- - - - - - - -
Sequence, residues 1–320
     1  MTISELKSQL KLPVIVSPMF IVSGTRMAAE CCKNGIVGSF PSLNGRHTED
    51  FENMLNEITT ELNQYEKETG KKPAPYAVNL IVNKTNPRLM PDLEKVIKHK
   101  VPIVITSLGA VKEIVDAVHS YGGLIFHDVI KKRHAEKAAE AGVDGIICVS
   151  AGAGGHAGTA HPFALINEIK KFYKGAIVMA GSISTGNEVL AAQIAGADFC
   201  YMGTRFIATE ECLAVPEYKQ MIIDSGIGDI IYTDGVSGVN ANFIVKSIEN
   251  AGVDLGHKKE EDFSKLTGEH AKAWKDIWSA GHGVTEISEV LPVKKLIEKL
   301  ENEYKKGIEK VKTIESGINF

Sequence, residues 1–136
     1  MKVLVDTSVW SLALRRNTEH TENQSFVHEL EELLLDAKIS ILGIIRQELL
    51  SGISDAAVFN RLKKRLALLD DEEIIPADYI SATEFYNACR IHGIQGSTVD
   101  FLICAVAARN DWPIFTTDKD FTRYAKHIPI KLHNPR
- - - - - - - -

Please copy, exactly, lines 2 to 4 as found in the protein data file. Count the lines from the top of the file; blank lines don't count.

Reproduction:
     1  MTISELKSQL KLPVIVSPMF IVSGTRMAAE CCKNGIVGSF PSLNGRHTED
    51  FENMLNEITT ELNQYEKETG KKPAPYAVNL IVNKTNPRLM PDLEKVIKHK
   101  VPIVITSLGA VKEIVDAVHS YGGLIFHDVI KKRHAEKAAE AGVDGIICVS